Physiological and behavioral adaptations of impala to anthropogenic disturbances in the Serengeti ecosystems
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- Institutt for biologi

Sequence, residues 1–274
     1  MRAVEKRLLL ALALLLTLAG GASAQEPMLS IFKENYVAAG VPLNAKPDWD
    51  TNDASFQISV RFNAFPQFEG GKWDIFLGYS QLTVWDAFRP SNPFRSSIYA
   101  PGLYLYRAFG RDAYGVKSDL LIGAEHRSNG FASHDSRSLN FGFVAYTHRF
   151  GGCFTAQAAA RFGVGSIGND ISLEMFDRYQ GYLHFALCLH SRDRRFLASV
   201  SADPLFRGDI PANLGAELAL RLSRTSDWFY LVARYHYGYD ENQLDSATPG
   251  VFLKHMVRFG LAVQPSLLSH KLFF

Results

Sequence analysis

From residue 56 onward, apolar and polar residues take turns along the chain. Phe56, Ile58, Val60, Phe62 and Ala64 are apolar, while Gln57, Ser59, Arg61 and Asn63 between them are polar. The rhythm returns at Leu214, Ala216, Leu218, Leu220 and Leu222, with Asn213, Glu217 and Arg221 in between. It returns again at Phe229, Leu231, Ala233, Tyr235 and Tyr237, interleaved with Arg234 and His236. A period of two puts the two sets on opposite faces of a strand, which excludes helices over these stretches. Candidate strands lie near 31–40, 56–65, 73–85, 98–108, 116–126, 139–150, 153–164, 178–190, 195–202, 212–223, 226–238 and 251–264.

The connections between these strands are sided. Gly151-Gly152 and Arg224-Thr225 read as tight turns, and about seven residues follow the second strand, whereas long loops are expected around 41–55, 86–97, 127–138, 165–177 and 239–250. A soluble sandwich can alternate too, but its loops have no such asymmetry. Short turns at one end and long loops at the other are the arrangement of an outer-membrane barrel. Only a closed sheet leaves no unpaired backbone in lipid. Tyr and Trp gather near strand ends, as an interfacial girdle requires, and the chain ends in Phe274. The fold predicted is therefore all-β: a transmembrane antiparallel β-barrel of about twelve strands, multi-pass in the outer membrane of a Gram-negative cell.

Anthropogenic activities are causing biodiversity loss at an unprecedented rate and attempts to ameliorate our impacts have largely failed. This thesis aimed to contribute to our understanding of how anthropogenic activities affect wildlife populations, using physiological and behavioural indices as a window into the status of a wild ungulate population. We used various remotely-sensed proxies of both direct human disturbance (i.e. land use area, settlement density, and distance from a pro- tected area) and environmental conditions (i.e. forage quality, temperature, and rainfall) to test how these disturbances affected the physiological state (i.e. glucocorticoid and thyroid hormone concentrations), behaviour, and demography of impala populations in the Serengeti ecosystem, Tanzania. We found that impala showed significant variation in hormone concentrations in response to both direct human disturbances and changes in environmental conditions. However, hormone concentrations were much more strongly affected by variation in the environment, such as forage quality and temperature, than by direct human disturbances. Impala populations in land use areas which allow more exploitation showed behavioural and demographical changes that could lower population persistence. These results suggest that, although human activities do have a significant impact, with climate change becoming increasingly pervasive, climate and land use change are likely to be the biggest long-term threats to impala populations in the Serengeti ecosystem. Therefore, we suggest that managers focus on conserving larger natural systems, well beyond the boundaries of few strictly protected areas. Additionally, this thesis shows the advantages of combining both behavioural, physiological, and remote-sensing methods to obtain a more complete picture of the threats facing wildlife populations, disentangling their responses to disturbances, and the fitness implications of those responses. However, one should always consider the physiological, ecological, and evolutionary context of the biological methods used to inform conservation research. It is my hope that future work will recognise this complexity and design studies and interpret results with this in mind.